"What do you do in a game where you can do anything?"
FANDOMFARE GAMING That's the question author and journalist Wes Locher sought to answer in his new nonfiction book, Braving Britannia: Tales of Life, Love,
"As I played Ultima Online from 1998 until 2003, I always wondered who these other players really were and what they did for fun when they logged in" Locher said. "I made it my mission to find them, unmask them, and help them share their remarkable stories. This is the book I've always wanted to read, and I was tired of waiting for someone else to write it."
Released in 1997 by developer Origin Systems and publisher Electronic Arts, Ultima Online is considered to be the grandfather of MMOs and the game's systems influenced countless other MMOs that would follow it over the next two decades, including World of Warcraft, EVE Online, and Star Wars: The Old Republic.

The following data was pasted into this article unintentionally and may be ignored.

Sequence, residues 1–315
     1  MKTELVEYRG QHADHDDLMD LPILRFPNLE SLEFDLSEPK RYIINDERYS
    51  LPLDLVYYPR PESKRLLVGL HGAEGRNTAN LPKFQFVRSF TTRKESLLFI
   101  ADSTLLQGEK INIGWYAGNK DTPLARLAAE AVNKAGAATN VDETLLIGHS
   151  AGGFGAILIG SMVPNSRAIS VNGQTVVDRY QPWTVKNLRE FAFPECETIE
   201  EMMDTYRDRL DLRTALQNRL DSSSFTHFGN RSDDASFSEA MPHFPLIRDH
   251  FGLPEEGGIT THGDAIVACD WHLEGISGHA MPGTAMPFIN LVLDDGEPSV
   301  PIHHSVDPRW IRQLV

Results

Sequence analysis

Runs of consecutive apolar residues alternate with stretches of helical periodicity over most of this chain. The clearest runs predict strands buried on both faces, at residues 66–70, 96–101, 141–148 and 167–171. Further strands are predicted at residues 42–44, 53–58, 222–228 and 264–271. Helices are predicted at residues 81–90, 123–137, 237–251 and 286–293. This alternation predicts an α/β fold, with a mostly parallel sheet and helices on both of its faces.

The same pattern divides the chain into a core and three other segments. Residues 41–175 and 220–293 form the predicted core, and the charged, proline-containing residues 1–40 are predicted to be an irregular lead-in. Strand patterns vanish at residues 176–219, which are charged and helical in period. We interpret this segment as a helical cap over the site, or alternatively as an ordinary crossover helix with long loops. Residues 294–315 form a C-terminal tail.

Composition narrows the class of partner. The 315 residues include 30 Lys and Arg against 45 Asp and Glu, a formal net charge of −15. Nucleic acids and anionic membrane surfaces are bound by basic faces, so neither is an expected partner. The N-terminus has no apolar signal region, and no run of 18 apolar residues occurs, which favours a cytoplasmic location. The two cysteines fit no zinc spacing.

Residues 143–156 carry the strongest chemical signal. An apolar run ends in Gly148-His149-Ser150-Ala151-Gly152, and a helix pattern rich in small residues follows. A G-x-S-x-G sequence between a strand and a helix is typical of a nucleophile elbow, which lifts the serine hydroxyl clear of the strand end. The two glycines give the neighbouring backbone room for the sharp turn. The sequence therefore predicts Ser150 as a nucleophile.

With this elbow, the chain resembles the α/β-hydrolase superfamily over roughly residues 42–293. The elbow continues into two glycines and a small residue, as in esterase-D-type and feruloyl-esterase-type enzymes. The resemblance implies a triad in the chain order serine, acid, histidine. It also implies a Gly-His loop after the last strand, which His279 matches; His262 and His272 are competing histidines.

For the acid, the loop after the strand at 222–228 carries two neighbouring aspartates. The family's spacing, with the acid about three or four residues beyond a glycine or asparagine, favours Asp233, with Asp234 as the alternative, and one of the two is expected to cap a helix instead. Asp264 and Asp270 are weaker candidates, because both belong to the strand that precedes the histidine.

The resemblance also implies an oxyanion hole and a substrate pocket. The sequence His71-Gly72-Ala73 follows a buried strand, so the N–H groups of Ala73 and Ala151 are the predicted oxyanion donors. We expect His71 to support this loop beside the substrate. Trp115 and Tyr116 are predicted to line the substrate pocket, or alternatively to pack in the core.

Locher kicked off the project in the fall of 2017, and after eight months of interviews, research, and writing, the 320-page book is available for purchase.
"Braving Britannia provides a shot of nostalgia for those gamers who love Ultima Online, but anyone with a passing interest in MMOs, RPGs, or video game history will enjoy this book." Locher said. "These are stories of the human condition and how an online game changed the course of people's lives in some amazing and unexpected ways."
In a fantasy world of limitless potential, the only thing players seem to enjoy more than playing Ultima Online is talking about it, and yet, the true stories behind the avatars have largely gone unpublished for the past twenty years.